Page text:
Meteorological parameters and seasonal variations in pulmonary thromboembolism
Department of Chest, School of Medicine, Karadeniz Technical University, 61080 Trabzon, Turkey. The American journal of emergency medicine
(Impact Factor: 1.27).
11/2008; 26(9):1035-41. DOI: 10.1016/j.ajem.2007.12.010
In recent years, circannual variations in incidence and mortality for venous thromboembolic disease have been demonstrated, with a peak in winter. However, several investigators have observed no seasonal variation in these diseases. The aim of our study was to investigate whether a seasonal variation, in terms of atmospheric pressure, humidity, and temperature, exists for pulmonary thromboembolism.
We retrospectively included 206 patients with a diagnosis of pulmonary embolism (PE) between 1 June 2001 and 31 May 2006.
The highest number of cases in the 5 years concerned occurred in May (29 cases). Although PE occurred most commonly in the spring (72 cases) and autumn (51 cases), the difference was statistically significant (P = .003). There were no case correlations with months and pressure, temperature, or humidity. However, there was a statistically significant positive correlation between case incidence and atmospheric pressure (r = 0.53, P < .0005) and humidity (r = 0.57, P < .0005). In terms of risk factors, seasonal distribution was not statistically significant as regards cases of embolism occurring for surgical or nonsurgical reasons (r = 0.588).
In terms of the relationship between seasons and embolism cases, despite the determination of an insignificant positive correlation, a statistically significant positive correlation was determined between air pressure and humidity and case incidence. There is now a need for further wide-ranging prospective studies including various hematological parameters to clarify the correlation between PE and air pressure.
Available from: Samad SHAMS Vahdati
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ABSTRACT: Pulmonary thromboembolism (PTE) is an important health problem. It is disease with a wide clinical spectrum, from asymptomatic small PTE to life threatening major PTE. In this manuscript, we evaluated studies performed in Turkey to determine national status about PTE. We were examined that published in national or international journals, or abstracts presented in congresses from 1991 to nowadays, excluding reviews or case studies. Among the 75 studies, performed in Turkey, related this topic, the most common complaints in PTE were dyspnea and chest pain. Surgery and immobilization were the most frequent risk factors causing PTE, however cancers were rarely reported as a risk factor. The most common findings of chest radiography were parenchymal infiltration and pleural effusion. While the diagnosis of PTE were mostly based on clinical findings and lung scan findings in the earlier studies, spiral thorax computed tomography became an important tool of diagnosis recently, specially after the years of 2000. Interesting, mortality rates in massive PTE were found lower than the literature. In conclusion, the number of patients with PTE is increased due to developments in the diagnosis of PTE. Our national findings commonly comply with the international literature. However, we think the documentation of current national status in PTE requires more comprehensive studies.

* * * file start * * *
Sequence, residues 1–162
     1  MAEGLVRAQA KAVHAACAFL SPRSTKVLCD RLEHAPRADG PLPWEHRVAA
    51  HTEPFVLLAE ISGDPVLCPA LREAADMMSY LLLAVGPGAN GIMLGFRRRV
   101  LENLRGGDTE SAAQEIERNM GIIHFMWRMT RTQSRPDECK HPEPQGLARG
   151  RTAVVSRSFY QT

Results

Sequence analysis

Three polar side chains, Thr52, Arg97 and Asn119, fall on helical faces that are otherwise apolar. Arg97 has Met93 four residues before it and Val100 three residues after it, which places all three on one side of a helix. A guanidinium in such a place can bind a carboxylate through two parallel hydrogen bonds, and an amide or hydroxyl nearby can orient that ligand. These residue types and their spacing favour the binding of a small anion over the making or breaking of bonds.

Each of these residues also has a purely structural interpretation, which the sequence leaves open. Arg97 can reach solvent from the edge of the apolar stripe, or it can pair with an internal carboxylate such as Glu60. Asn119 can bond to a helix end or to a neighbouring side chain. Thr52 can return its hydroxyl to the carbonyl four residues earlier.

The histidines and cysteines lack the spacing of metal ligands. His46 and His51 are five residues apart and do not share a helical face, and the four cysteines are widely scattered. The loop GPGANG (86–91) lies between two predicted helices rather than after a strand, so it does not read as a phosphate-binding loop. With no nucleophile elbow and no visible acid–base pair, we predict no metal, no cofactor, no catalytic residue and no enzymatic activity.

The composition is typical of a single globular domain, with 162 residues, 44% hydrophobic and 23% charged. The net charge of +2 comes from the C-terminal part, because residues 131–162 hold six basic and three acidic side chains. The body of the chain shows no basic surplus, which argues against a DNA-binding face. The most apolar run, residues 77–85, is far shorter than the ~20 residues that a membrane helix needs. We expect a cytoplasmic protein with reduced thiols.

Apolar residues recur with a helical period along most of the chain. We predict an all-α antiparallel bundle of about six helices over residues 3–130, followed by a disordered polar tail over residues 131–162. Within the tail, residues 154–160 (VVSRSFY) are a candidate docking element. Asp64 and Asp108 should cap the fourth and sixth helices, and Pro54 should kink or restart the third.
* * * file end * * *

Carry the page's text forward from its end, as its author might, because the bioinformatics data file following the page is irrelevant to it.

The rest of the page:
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ABSTRACT: Seasonal variations in the incidence of cardiovascular disease, mainly characterized by a winter peak, have been consistently reported. Some evidence now also exists on potential seasonal variations in the incidence of venous thromboembolism (VTE). Of interest, seasonal variability in the incidence of deep vein thrombosis and fatal and nonfatal pulmonary embolism appears to differ; however, the results of available studies are not unequivocal. This review will briefly summarize current evidence in this area.
Recent studies indicate a seasonal variability in the incidence of VTE, with a pattern that is independent of sex, age, type of event, or underlying risk factors. Usually, these studies found a higher VTE incidence during the winter months and a lower incidence in the summer months. The exact mechanism of this variability is not completely understood, but it may be at least in part explained by changes in coagulation factor levels.
Confirmation of these findings and a better understanding of underlying mechanisms could help physicians to identify patients or periods with increased risk of VTE in order to further improve current prophylactic strategies.
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